Gr 5-7–Crow was once a regular boy who played baseball and had friends and loving parents. But now, he’s dead. At first, being dead wasn’t so bad, but then his rotting flesh began attracting maggots. He couldn’t eat or sleep. His parents divorced. His mother will tell him only that his parents “wished him back to life,” but what kind of life? He’s trapped in a house kept purposefully cold to slow the putrefaction of his flesh. When Melody and her father move in next door, she and Crow become secret friends against the wishes of their parents. Together, they begin to unravel the terrible secret of his parents’ wish. Their forbidden friendship will be tested as they face a series of deadly challenges in their quest for the truth. Though the book’s description promises humor, narrator Robbie Daymond’s presentation of Crow is morose and forlorn. His cheerful portrayal of Melody offers the only break from the macabre atmosphere. VERDICT - Not for the squeamish, this one will be best for middle school fans of ghoulish favorites like The Night Gardener (Abrams, 2014) or The Cavendish Home for Boys and Girls (S. & S., 2012). [“A great recommendation to middle grade fans of dark humor”: SLJ 7/15 review of the Crown book.]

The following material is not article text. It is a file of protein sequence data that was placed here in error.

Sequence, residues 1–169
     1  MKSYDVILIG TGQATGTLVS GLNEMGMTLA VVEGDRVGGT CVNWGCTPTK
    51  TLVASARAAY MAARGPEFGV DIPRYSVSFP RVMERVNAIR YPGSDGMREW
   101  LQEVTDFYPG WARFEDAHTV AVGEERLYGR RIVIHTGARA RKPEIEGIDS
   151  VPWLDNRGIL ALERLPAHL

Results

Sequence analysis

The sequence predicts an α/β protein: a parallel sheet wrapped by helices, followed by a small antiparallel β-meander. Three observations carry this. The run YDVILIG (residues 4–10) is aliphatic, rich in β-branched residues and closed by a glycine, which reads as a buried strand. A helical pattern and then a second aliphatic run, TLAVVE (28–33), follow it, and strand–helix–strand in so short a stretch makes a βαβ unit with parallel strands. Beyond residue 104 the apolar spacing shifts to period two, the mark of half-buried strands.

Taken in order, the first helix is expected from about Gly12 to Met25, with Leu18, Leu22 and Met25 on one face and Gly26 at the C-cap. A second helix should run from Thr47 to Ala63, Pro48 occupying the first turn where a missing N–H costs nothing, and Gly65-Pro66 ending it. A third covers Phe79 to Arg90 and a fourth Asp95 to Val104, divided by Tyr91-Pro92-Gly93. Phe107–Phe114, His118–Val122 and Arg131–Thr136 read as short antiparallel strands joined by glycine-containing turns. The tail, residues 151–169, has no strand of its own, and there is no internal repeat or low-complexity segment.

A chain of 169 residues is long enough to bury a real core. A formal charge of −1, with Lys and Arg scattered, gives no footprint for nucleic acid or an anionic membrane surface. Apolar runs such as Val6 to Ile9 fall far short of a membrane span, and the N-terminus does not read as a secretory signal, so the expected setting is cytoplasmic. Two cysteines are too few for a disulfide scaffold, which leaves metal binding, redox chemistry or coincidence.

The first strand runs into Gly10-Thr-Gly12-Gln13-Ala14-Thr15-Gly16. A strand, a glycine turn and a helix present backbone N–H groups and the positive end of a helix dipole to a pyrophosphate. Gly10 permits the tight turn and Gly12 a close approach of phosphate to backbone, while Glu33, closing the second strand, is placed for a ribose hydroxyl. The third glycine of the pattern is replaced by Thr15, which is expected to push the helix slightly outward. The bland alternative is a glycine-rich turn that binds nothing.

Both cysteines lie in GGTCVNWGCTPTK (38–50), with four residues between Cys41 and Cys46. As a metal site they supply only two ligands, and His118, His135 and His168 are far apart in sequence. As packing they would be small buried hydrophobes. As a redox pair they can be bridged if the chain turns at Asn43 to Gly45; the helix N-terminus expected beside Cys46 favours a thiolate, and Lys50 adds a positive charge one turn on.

Happy New Year to all those of you who have supported me in so many different ways throughout the year. 2016 should be a new beginning for me with my new publisher Crimson Cloak Publishing, and I’m hoping for a happy and successful relationship with them! Several books to be released this year, new as well as re-releases. Exciting times.
Our 4th and 5th grade Mock Newbery Book Club meets on Thursday for final discussions & voting. This week, I'll share my students' thoughts on each nominated titles (see this post for our full list). Special thanks goes to Armin Arethna, our fantastic Berkeley Public Library colleague who is a vital part of our book club--what a terrific school-public library collaboration and friendship!
As we discuss books, we start out by sharing what we like about them. We only have two or three copies of each title, so kids are reading different books all the time. We have lunch together and share about what we've been reading. If someone raves about a book, their friends start clamoring to check it out next. This "book buzz" is the best thing ever!